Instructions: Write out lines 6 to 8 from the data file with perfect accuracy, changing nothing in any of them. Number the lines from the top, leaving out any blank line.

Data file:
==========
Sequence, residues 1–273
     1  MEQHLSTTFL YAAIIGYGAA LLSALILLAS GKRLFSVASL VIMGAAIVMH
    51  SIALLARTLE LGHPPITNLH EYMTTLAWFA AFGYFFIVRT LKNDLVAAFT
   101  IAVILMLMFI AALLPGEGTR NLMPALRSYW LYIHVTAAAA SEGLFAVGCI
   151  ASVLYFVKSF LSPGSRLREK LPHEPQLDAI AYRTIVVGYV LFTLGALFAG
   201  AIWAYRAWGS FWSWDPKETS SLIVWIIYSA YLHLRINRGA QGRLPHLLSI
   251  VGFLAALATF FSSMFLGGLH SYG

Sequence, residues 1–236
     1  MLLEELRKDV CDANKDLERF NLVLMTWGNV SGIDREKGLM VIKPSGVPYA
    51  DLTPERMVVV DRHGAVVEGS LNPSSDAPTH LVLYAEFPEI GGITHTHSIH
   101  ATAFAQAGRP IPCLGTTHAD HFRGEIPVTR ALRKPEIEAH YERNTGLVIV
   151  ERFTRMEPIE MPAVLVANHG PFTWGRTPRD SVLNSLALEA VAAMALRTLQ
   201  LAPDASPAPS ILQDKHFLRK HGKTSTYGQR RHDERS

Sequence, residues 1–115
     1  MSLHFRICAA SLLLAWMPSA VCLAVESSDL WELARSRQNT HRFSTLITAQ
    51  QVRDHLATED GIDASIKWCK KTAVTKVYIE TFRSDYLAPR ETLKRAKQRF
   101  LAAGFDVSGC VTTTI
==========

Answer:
   201  AIWAYRAWGS FWSWDPKETS SLIVWIIYSA YLHLRINRGA QGRLPHLLSI
   251  VGFLAALATF FSSMFLGGLH SYG

Sequence, residues 1–236